Malvasia Nera flourishes throughout Italy and, indeed, throughout the entire Mediterranean. More than a single varietal, Malvasia is a family of grapes that includes Malvasia Bianca, Malvasia Nero, Malvasia del Chianti, two clones of Malvasia Dianco di Candia B., and four other clones localized to specific regions (Malvasia del Lazio, Malvasia Istriana, Malvasia de Sardegna, and Malvasia di Lipari). A grape with this many identities is open to multiple interpretations. The winemakers of the north and west of Italy predominantly uses the Malvasia Nero clones, while those of south of Italy employ the various Malvasia Bianca version. Malvasia is instrumental in making Chianti in Toscana, Frascati in Emilia-Romagna, and many wines in other regions that range from red to white, dry to sweet, and flat to sparkling. Most oenologists agree that the grape entered Italy from Byzantium, but where it entered is up to dispute; some argue the Veneto, while others make a case for Sardegna. In any case, the grape, red or white, is known for making a deeply aromatic, often highly alcoholic and intensely colored wine.
The rare Mammolo, or Mammolino, gets its name from mammale, the Italian word for violets. This varietal is grown almost exclusively in Toscana, where it lends its light-bodied violet-scented character to Chianti and, very occasionally, Vino Nobile di Montepulciano. Although very limited in its viticulture, there are ten clones of Mammolo growing in Toscana.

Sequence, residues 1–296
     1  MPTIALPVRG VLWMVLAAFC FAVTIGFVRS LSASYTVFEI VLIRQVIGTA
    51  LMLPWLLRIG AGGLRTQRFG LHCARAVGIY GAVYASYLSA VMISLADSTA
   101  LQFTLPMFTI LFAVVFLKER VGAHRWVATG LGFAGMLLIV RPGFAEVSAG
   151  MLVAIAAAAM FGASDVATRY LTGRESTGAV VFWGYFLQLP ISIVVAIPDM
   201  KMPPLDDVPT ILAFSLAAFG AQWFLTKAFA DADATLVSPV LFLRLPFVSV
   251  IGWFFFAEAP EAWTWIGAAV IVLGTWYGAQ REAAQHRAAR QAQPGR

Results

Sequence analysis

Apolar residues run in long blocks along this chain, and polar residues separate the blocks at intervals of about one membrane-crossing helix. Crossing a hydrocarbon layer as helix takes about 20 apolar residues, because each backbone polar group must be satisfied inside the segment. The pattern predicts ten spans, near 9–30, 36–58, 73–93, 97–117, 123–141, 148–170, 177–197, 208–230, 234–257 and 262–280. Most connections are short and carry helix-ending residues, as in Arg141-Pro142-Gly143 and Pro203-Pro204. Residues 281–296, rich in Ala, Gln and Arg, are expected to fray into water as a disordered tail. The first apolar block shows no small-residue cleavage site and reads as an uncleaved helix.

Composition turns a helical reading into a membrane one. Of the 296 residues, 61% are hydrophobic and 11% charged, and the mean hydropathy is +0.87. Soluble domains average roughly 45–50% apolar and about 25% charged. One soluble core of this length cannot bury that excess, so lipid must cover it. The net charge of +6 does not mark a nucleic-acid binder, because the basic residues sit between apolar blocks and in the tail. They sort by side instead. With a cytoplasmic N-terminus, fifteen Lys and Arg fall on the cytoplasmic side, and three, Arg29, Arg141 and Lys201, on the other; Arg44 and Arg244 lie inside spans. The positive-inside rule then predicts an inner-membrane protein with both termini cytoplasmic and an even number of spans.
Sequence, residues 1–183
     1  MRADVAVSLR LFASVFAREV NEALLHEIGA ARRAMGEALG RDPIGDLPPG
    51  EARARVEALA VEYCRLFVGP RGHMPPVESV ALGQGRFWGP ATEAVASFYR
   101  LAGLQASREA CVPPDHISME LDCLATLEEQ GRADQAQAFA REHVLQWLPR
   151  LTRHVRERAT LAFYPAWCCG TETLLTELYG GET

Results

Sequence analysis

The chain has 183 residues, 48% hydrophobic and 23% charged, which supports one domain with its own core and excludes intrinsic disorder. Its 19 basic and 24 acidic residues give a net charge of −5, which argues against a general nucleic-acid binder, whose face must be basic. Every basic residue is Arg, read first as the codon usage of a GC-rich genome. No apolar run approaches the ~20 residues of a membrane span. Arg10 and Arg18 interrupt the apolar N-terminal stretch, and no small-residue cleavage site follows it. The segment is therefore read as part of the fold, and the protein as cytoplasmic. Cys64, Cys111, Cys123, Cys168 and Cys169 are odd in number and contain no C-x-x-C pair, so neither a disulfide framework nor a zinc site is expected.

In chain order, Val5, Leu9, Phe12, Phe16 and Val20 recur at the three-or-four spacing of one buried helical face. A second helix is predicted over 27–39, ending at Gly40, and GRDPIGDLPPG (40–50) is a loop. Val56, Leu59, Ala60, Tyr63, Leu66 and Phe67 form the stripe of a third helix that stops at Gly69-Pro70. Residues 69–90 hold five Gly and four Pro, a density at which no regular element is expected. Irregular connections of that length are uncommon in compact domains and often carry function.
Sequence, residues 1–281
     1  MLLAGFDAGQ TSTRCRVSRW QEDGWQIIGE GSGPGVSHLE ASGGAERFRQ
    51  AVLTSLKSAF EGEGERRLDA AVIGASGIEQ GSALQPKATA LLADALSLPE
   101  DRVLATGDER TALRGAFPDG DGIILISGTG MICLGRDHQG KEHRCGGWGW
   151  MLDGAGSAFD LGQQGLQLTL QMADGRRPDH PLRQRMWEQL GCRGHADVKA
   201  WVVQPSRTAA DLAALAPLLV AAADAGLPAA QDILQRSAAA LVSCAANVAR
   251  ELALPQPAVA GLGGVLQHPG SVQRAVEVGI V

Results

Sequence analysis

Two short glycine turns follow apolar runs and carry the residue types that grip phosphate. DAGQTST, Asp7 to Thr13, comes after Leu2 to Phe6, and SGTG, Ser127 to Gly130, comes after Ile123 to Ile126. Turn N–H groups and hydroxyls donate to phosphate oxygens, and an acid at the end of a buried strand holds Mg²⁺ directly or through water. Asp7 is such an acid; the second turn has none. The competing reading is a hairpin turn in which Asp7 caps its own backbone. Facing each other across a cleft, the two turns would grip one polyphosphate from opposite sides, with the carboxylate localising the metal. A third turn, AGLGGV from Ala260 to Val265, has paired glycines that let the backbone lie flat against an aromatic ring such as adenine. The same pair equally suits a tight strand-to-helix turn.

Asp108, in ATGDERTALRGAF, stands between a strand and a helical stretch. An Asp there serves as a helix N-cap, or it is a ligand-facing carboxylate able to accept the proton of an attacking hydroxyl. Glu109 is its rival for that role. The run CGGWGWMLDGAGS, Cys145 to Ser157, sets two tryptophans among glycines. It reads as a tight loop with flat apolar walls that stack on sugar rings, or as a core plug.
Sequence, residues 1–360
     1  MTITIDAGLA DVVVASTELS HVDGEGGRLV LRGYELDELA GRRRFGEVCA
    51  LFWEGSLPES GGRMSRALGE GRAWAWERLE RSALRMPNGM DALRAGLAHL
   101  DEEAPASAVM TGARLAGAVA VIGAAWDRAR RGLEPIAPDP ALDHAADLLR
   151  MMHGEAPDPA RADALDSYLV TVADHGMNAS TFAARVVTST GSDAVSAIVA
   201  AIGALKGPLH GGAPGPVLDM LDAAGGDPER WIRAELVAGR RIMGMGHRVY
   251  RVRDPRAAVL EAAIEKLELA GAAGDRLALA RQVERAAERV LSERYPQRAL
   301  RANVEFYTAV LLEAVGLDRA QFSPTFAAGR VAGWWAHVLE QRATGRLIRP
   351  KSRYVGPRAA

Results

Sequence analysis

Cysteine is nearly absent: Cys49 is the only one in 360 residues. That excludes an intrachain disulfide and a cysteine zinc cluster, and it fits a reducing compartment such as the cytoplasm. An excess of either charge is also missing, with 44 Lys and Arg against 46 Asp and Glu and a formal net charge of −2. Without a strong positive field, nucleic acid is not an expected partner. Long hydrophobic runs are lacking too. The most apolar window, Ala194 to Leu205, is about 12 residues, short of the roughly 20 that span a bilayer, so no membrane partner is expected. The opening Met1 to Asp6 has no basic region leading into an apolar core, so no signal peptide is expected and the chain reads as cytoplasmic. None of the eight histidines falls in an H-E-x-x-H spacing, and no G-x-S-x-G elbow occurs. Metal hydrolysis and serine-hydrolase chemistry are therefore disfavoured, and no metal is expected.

The varietal with the reputation of being Wolfgang Amadeus Mozart’s favorite–his opera Don Giovanni provides a reference to the “excellent Marzemino”–grows primarily in the Veneto, though it also is cultivated in Lombardia, Trentino, Friuli and Emilia-Romagna. The fact that this grape grows almost exclusively in northern regions may account for its relative obscurity, for Marzemino needs a long summer to ripen and is vulnerable to mold. These characteristics make the North largely, if ironically, inhospitable. This grape makes a perfumy wine with a soft feel and a tangy palate of blackberries, nuts and vanilla. Used to make dry, sweet, and passito wines, Marzemino is often served at the end of a meal.